The screen resolution isn’t that bad. Sure, there exists devices with higher resolutoin and DPI, but those usually suck in every other way. The battery life isn’t too bad either. What sucks is that you can’t replace it. The lack of 3G sucks a bit because it also doesn’t support J2ME. That means no Opera Mini which means no bandwidth savings which means downloading everything slowly in Safari. The price and operator-lock-in also weighs pretty heavy on the crap scale. Lock-in to iTunes is also a bit sucky, although I will manage since I use iTunes fairly heavy already.
    Overall, though, I think iPhone is a fine product. I expect it to be a hit and I’d want one if I could convince my employer to buy me one. And I’d also like to mention a plus-side: it supports open standards. It doesn’t support or embrace Microsoft Exchange or Blackberry products. It supports HTTP, HTML, CSS, JavaScript, IMAP, SMTP and POP3. I hope and expect this to force the enterprise away from the current Microsoft and Blackberry lock-ins and over to open source and open standard based software.

  5. Judging by today’s selloff, I think potential customers are starting to realize how expensive the iPhone will be. If you sign the mid-range $99.99/mo service plan after purchasing the 8GB iPhone model, that alone will set you back $3000 during the two-year contract (without any accessories)!
    Here’s a few other potential hurdles that could prevent the iPhone from exceeding its already lofty expectations:
    * You must be an AT&T customer to use the iPhone. With a market share of 20%, that means 80% of wireless customers must cancel their current contracts to sign with AT&T. Being a Sprint customer, I would have to pay a $175 cancellation on top of the $3000 price tag for the iPhone. AT&T’s exclusive contract runs through 2009.
    * Only 4 & 8GB of hard drive space? My tiny video iPod holds 30 GB for less than $200.
    * Recent surveys have shown that the majority of IT departments will not even consider the iPhone due to its PC incompatibilities & exclusive AT&T contract. That will dampen business spending & all but eliminate demand for the higher-tier contracts.
    This is the ultimate “sell the news” scenario. On Jan 9th 2007, Steve Jobs announced the iPhone at the Macworld Conference & Expo. The stock has since been on fire rising 50% to $125, adding $30 billion to the company’s market capitalization. Will the iPhone really hold that much value for Apple? This huge runup comes after a fantastic finish to 2006 after Apple’s stock bottomed out at $50 in October. Thus, nearly everyone holding Apple is sitting on huge gains.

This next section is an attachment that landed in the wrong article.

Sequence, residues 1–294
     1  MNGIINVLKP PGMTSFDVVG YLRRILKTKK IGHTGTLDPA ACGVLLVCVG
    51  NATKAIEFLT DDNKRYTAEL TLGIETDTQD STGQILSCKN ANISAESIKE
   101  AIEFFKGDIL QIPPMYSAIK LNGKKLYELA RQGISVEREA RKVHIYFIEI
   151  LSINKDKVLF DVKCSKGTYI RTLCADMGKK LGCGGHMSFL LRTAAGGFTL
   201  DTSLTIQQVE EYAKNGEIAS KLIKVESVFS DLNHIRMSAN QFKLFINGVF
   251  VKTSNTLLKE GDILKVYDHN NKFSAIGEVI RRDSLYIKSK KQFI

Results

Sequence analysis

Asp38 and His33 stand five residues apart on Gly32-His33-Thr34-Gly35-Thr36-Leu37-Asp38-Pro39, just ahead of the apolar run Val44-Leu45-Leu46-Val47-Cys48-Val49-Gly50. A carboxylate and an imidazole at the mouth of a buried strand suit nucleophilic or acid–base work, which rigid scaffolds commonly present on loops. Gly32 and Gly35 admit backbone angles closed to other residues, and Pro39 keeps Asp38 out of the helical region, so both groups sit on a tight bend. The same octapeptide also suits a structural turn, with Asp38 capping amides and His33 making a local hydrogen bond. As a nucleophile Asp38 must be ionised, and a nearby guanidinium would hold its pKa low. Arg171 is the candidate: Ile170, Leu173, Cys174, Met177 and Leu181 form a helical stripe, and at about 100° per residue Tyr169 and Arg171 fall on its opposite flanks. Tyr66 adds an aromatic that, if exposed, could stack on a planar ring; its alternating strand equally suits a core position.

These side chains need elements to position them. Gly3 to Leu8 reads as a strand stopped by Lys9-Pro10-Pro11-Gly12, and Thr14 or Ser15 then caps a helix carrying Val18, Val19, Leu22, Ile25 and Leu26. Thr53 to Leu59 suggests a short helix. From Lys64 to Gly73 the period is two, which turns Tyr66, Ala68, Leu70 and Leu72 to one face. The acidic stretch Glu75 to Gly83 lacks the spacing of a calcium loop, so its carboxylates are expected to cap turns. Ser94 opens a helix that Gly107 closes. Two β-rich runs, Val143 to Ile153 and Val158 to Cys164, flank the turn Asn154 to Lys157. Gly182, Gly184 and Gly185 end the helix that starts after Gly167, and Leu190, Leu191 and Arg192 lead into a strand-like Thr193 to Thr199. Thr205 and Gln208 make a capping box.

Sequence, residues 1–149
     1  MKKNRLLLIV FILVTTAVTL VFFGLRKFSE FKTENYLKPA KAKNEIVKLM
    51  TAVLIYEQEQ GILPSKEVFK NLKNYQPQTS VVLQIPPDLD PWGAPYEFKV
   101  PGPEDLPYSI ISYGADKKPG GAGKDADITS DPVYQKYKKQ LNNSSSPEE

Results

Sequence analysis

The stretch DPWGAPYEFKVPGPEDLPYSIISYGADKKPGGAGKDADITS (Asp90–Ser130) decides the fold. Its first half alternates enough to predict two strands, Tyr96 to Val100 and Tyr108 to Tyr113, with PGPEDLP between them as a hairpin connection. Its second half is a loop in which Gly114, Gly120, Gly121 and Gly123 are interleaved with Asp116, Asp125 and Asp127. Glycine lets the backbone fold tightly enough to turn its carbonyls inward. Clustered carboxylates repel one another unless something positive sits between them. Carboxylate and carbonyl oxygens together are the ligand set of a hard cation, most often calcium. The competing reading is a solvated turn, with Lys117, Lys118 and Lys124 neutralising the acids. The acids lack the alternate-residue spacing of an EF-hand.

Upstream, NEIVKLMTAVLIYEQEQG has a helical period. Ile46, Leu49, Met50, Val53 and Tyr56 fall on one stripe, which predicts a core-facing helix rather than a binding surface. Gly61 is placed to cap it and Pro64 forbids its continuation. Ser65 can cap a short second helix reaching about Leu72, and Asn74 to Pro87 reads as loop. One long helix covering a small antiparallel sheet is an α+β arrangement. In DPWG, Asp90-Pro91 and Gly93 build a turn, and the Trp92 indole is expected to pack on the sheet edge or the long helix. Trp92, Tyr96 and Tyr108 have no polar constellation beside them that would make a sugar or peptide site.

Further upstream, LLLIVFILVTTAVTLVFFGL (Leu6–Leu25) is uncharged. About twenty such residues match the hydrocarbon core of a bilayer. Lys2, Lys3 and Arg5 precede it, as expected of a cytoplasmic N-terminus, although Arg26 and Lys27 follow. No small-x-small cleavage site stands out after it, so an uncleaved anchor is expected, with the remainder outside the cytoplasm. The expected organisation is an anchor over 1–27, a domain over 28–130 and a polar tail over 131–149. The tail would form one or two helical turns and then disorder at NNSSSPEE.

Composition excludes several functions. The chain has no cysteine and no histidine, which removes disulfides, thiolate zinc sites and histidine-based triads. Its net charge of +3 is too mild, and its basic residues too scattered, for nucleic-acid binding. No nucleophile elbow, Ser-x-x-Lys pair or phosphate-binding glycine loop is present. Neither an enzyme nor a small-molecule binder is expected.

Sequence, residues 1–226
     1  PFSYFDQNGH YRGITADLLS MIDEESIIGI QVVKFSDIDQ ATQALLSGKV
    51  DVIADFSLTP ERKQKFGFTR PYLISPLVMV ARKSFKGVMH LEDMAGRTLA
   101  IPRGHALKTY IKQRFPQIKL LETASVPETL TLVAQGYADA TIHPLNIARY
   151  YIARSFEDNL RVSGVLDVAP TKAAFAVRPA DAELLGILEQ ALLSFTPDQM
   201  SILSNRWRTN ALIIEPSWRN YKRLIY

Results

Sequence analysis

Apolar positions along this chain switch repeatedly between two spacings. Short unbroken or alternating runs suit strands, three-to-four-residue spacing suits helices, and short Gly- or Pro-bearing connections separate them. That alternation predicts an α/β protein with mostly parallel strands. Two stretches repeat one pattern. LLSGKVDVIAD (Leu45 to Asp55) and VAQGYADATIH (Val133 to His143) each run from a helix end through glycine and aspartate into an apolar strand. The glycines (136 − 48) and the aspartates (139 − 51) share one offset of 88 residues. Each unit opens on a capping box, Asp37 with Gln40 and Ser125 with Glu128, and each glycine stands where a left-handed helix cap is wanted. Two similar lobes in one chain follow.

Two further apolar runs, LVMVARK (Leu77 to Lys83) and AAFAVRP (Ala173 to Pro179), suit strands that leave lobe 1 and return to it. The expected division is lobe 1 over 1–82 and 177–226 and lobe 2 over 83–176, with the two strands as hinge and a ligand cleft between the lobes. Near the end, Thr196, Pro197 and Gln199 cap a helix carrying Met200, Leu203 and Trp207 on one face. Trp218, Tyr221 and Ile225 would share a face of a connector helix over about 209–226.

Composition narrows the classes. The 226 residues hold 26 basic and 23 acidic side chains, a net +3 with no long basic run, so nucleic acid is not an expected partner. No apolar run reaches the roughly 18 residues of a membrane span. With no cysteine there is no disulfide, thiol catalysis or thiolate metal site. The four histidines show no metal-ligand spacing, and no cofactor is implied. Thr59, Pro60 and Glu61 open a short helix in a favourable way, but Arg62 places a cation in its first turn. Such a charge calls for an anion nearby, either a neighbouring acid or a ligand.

Expect an Apple selloff on Friday when the iPhone is finally released. 3 similar mini-selloffs have occurred during this recent runup:
    * June 26th: Apple announces 6 AT&T service plans for the iPhone. The stock drops 3% on investor concerns over the high prices.
    * June 11th: Steve Jobs shows off the iPhone at Apple’s World Wide Developer’s Conference. The stock falls 5% after investors saw no “surprises”.
    * March 20th: Apple beats 4th quarter analyst earnings & revenue estimates. The stock falls on profit taking.
    Apple’s recent success has created impossible expectations. With all the mega-hype already priced into the stock, just meeting expectations will create a selloff. I plan to sell tomorrow and buy back in a couple months. Longer-term investors need not worry because the future looks bright with Macs gaining market share & the iPods continuing their dominant foothold on the music industry.

  6. But Arve, it’s purty!
    Seriously, I really doubt I’d like to use somethign without buttons. I remember trying the LG Chocolate and the buttons were awful to use because of lack of feedback. But that screen looks better (in the demo video) than any other phone I’ve seen. I’d love to run Opera Mini on that phone 🙂

  7. No Flash either…

  8. Bryan

     /  2007-06-27

    I’m definitely not an Apple fanboy, but I have to say Arve, you sound a little too upset about the iPhone. Actually, it sounds like you’re trying to scare people away from it. Much like AT&T’s competition. I’m wondering why you’re so adamant about it.

    I’m not going to buy an iPhone because I don’t want to pay $500 for it. I won’t use all the features, so it’s not worth it to me. I also won’t need the type of plan it requires.